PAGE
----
Mind Your Manners! Italy To Fine Unruly Tourists

Italy joins the growing list of countries that have had it with badly behaved tourists and mass tourism
Tourists at Fontana di Trevi at Piazza Trevi, Rome
Tourists at Fontana di Trevi at Piazza Trevi, RomeColorMaker/Shutterstock

Italy is regarded as one of the world's top travel destinations, with millions visiting cities like Rome and Venice every year. According to the German broadcaster Deutsche Welle (DW), Venice alone received 5.5 million visitors in 2019. And the figures have continued to rise.

Tourist numbers in Italy are likely to surpass 68 million by the end of the year, according to market research firm Demoskopika.

To regulate the crowds, Italy is putting in place strict procedures.


This summer, Venice is combating the negative consequences of mass tourism by placing significant restrictions on visitors. For instance, they cannot roam around the city naked or swim in the canals. Sitting and lying down is prohibited on sidewalks, bridges, and the sides of fountains and steps. Those who break the regulations will face fines.

UNESCO, the United Nations' cultural body, recently stated that Venice should be included to a list of endangered world heritage sites.

According to a UNESCO report, the Italian city is at risk of "irreversible" harm from overtourism, overdevelopment, and increasing sea levels caused by climate change.

The Beaches

Beaches in Italy are likewise being safeguarded from overtourism. According to the daily Il Messaggero, popular sites such as the Baunei on Sardinia restrict access to particular beaches. Instead of all sandy beaches being open to the public, specific areas must be reserved in advance and kept off-limits for the general public.

The east coast of Sardinia island, Orosei Gulf, in Baunei
The east coast of Sardinia island, Orosei Gulf, in BauneiValerioMei/Shutterstock

Rental Cars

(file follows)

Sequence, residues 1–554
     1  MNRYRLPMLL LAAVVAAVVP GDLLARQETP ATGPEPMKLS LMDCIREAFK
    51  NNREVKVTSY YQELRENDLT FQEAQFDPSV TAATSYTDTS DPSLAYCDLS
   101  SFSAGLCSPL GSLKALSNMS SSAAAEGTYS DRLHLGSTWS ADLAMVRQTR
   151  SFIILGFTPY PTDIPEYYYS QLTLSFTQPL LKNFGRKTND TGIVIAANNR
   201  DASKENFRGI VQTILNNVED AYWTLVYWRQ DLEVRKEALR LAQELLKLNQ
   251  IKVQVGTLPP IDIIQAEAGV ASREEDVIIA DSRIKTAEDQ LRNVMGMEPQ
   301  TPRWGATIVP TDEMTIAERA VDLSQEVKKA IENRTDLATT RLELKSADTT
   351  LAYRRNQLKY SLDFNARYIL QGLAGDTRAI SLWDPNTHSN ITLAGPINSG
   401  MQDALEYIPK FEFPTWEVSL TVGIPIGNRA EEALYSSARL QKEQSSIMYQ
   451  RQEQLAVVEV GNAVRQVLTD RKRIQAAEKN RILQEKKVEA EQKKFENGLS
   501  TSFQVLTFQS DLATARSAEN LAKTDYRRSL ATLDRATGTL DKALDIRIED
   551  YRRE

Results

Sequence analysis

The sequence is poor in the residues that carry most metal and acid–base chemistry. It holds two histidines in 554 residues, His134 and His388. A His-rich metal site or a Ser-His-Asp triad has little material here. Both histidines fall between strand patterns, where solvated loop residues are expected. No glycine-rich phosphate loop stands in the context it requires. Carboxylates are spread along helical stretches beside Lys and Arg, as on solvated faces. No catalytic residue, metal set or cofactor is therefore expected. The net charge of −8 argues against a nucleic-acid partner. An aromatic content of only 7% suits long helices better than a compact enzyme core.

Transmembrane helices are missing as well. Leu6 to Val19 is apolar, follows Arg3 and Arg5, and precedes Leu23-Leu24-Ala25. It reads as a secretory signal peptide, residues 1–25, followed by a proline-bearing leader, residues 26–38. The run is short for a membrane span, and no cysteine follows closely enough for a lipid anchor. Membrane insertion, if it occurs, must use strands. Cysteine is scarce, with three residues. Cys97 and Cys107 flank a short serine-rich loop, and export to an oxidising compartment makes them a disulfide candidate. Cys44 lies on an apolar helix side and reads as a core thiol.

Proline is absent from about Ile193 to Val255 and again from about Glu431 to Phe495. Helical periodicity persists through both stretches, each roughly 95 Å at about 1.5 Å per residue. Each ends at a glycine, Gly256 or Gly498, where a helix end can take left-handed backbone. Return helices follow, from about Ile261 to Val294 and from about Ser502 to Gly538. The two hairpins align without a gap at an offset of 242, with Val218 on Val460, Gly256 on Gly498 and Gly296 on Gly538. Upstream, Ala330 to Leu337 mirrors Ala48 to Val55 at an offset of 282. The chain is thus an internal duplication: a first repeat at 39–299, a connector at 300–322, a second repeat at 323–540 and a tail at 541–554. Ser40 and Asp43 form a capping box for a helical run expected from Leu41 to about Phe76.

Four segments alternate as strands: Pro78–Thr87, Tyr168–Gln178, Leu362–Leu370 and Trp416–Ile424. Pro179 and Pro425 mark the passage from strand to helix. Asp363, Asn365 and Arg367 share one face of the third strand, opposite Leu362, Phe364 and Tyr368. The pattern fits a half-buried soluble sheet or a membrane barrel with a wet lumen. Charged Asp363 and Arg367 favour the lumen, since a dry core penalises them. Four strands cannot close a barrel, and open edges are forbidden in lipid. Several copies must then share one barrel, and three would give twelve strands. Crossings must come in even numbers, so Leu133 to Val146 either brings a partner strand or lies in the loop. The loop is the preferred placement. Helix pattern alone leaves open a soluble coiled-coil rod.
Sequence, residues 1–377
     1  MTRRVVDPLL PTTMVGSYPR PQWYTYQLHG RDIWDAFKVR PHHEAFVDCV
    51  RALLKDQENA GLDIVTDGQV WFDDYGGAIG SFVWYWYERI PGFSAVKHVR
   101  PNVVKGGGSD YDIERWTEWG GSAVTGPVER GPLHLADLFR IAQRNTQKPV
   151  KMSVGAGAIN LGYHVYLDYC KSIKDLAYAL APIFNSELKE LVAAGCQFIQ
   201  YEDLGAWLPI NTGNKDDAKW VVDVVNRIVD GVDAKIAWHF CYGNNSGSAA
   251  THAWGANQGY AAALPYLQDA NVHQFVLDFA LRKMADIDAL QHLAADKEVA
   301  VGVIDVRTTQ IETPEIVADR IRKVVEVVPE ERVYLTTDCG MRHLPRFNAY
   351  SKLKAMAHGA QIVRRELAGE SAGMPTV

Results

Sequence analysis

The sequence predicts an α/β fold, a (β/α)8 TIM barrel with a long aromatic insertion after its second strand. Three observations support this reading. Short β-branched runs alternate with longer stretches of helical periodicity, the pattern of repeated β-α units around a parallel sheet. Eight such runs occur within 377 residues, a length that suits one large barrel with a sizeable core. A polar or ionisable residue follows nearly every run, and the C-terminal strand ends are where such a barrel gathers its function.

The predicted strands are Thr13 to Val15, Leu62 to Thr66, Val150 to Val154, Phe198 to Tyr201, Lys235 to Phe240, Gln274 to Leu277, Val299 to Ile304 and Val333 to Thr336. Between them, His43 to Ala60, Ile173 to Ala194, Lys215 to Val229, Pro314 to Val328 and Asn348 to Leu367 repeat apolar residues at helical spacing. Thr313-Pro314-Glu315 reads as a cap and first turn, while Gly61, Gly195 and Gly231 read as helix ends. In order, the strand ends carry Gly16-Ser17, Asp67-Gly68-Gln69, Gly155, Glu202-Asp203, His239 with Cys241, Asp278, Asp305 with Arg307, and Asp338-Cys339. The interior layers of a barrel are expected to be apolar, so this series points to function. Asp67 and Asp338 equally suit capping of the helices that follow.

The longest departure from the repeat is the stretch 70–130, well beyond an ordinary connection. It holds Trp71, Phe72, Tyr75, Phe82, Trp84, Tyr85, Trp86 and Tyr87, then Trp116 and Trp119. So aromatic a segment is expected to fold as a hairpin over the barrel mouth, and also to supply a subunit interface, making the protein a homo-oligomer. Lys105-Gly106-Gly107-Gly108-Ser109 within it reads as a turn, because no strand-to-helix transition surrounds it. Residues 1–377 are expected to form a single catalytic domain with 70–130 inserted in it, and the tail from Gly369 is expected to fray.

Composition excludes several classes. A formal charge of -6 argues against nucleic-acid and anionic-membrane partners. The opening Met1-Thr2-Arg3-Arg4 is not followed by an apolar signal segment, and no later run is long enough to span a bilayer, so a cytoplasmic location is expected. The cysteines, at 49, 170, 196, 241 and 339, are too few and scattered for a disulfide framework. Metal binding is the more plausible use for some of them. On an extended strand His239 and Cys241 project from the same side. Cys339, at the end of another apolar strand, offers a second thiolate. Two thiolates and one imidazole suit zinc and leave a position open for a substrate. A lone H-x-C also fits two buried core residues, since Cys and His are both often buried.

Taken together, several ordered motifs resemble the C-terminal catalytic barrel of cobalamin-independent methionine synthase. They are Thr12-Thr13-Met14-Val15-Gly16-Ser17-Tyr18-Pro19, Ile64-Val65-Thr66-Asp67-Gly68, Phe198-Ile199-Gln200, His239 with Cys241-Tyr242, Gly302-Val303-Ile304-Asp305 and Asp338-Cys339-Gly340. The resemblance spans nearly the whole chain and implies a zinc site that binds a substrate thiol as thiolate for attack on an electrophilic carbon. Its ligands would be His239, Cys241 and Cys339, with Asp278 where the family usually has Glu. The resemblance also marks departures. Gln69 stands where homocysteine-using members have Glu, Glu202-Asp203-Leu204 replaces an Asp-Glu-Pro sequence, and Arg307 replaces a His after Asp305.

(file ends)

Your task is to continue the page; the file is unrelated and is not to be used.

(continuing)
Tourists in rental vehicles are swarming the streets of Italy. To address this issue, several Italian localities have prohibited tourists from bringing their own vehicles. As a result, getting around Italy's tourist sites may become more difficult, as tourists are no longer permitted to bring their own automobiles to the islands of Linosa and Lampedusa, as well as Procida in the Gulf of Naples. “This is the only measure that works. We are the most densely populated island in Europe, and for us, mobility is a problem,” said Procida mayor Raimondo Ambrosino in an interview with Il Messaggero.

Restricted Acess

Similar limitations can be expected at several popular tourist spots. For example, tourists will have restricted access to Pragser Wildsee Lake. They can only go if they reserve a ticket online ahead of time. And they must only take public transport to get there.

Portofino, one of Italy's most popular tourist destinations, has also been subject to the implementation of such measures. In April, the mayor announced a new rule that will fine tourists 275 euros for loitering in "red zones" in the fishing village. The red zones were labelled to reduce overcrowding in restricted areas where tourists pause for selfies and jostle with organised tour groups and passengers waiting to return to their cruise ships.

It is also illegal to wander around the town centre barefoot, in a bikini, or half undressed.

Tourists And Vandalism

Italy's collection of monuments have been subjected to a spate of vandalism in recent times. Two visitors were arrested this summer for defacing Rome's historic Colosseum, one of Italy's most popular tourist destinations, demonstrating how difficult it is to safeguard heritage sites in the face of overtourism. The Mona Lisa is now guarded by a barrier in the Louvre museum behind bulletproof glass.

In April, the government introduced legislation imposing fines ranging from €10,000 to €60,000 on anyone who vandalises its monuments or cultural places. They could also face criminal charges.

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